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Rifleman Interview with Danielle Shanahan

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Last week, it was announced that the planned translocation of 80 tītipounamu / rifleman into the sanctuary in March 2017, followed by another 80 into Otari-Wilton's Bush in 2018 had been postponed due to ZEALANDIA having just learned that population in the Wainuiomata source site (the Wainuiomata / Orongorongo Key Native Ecosystem area) are considerably lower than previously thought.

We asked Dr. Danielle Shanahan, ZEALANDIA’s Conservation Manager, for some background on the postponement and about the next steps in bringing these iconic species into the sanctuary.

Outstanding volunteer Chris Gee

Recipient of the 2016 Faye Shaef Volunteer Award

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Volunteer guide Chris Gee was awarded the Faye Schaef award at ZEALANDIA’s annual volunteer dinner and award night in December. Louise Slocombe met up with Chris to talk about the work he does at ZEALANDIA , which he describes as ‘skippering and guiding’. However, as the conversation progressed, she found out he does a huge range of other activities... 

Zealandia turns 21

This story originally appeared in Forest & Bird. Written by Jim Lynch.

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As Wellington’s Zealandia celebrates its 21st birthday, sanctuary founder Jim Lynch reflects on what has been achieved and lessons learned along the way.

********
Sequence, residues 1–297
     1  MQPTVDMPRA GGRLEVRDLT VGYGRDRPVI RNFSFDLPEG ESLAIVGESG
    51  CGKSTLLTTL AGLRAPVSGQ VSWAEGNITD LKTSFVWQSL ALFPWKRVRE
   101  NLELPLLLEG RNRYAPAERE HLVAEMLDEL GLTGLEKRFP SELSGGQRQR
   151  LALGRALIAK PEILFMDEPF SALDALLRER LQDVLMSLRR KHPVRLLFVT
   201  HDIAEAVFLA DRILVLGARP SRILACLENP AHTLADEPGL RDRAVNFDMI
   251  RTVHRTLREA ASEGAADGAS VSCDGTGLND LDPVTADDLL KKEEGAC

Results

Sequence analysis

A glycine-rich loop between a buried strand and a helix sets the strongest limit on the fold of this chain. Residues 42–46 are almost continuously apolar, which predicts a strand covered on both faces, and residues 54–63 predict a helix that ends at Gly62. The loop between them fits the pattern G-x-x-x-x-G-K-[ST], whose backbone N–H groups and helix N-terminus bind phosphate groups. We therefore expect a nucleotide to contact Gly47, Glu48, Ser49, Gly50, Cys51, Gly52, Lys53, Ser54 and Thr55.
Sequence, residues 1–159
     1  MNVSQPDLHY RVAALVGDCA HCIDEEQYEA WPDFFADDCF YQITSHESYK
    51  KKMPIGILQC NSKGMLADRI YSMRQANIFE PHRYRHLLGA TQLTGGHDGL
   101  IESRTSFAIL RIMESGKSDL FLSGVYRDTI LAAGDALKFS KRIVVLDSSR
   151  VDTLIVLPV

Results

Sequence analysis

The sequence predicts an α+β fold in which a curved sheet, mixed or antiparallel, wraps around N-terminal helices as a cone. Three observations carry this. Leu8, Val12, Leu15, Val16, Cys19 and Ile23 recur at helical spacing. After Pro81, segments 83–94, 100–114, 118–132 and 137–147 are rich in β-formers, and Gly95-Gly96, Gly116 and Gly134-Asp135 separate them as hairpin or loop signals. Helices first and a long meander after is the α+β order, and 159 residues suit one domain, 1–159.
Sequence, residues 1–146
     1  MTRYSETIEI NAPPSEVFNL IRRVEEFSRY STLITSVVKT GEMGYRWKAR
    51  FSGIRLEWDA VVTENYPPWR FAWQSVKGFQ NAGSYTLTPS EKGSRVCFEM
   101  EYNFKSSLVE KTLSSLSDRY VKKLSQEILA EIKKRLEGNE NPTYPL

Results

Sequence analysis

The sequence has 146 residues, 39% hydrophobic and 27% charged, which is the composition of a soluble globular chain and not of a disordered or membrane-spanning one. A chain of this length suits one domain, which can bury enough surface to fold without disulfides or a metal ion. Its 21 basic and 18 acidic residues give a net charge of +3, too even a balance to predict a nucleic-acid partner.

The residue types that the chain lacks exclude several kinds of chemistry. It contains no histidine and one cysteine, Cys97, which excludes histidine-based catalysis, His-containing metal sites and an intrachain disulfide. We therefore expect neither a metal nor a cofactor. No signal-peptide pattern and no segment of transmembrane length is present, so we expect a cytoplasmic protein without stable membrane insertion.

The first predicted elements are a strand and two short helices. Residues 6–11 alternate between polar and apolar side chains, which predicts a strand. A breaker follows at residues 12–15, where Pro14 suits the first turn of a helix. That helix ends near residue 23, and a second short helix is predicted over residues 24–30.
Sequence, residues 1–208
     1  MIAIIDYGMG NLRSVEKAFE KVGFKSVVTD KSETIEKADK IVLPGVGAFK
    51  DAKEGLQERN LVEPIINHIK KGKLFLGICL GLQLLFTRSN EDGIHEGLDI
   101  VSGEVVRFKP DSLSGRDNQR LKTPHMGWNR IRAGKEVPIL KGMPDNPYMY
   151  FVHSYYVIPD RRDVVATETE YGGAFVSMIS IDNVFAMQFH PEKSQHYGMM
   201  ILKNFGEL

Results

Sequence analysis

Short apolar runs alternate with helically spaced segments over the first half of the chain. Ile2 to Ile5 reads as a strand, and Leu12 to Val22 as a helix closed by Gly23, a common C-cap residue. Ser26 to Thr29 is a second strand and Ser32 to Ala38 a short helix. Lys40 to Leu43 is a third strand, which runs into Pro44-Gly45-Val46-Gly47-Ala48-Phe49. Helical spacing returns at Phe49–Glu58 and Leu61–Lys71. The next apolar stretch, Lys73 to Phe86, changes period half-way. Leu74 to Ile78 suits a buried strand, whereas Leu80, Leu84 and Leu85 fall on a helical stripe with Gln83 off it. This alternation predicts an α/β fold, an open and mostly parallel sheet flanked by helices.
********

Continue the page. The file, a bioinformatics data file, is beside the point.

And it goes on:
Poisonous Plants of the Sanctuary

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Do you know your tutu from your supplejack?

You’d be wise not to eat any asparagus-like shoots in the bush if you’re not sure!

In 2014 tramper Matthew Pike found this out the hard way after adding what he thought was a supplejack sapling to his boil-up, only to find – when he woke up in hospital – that he’d seasoned his dinner with the notorious tutu: a poisonous plant full of the neurotoxin tutin. Matthew’s reaction was so severe that his convulsions dislocated his shoulder; he was lucky to survive.

Wherefore art thou Spotted Skinks?

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On Thursday 28th January, 2016, 45 rare Spotted skinks were released onto the slope above Tui Terrace. This was the first time in 5 years that a new species was introduced into Zealandia. The Spotted skinks were given a formal welcome both in Māori and English. There was a ceremony attended by representatives of the local iwi, dignitories, ZEALANDIA staff and volunteers, also the public. Speeches about conservation and the importance of protecting this rare species were given by the Mayor, Celia Wade-Brown and Wellington City Councillor, Andy Foster. ZEALANDIA Conservation Manager, Raewyn Empson, explained this was the sanctuary’s 18th species translocation, but it was the first time that lizards had been released here.

Dawn & Night Tours

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One early morning the Member’s Walk Group met at dawn at the Visitors’ Centre to hear The Dawn Chorus’ along the tracks before a welcome, warm breakfast at Rata Cafe.

The birds were just tuning up and the ducks were just quacking quietly. As the sun touched the hilltops, the bush colours sprang into focus and the birds sprang into action. Suddenly birds were leaving their roosts and flying around.

A Moonlight Sonata with Bronwen & Alfie Kākā

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Alfie: “What a great night to be out Bronwen. There’s something special about a night tour around the valley don’t you think? There’s so much more to see. But I don’t see many other humans around. What are you doing here – not monitoring kākā nests surely?”

Bronwen: Isn’t it beautiful Alfie, and you’re right. The valley is just amazing at night. Right now I’m tracking ducks, helping Katie Sheridan with her research on their habitat behaviour. You remember, Katie, you interviewed her last year. Forest ducks, brown teal, or to put it simply, pāteke.

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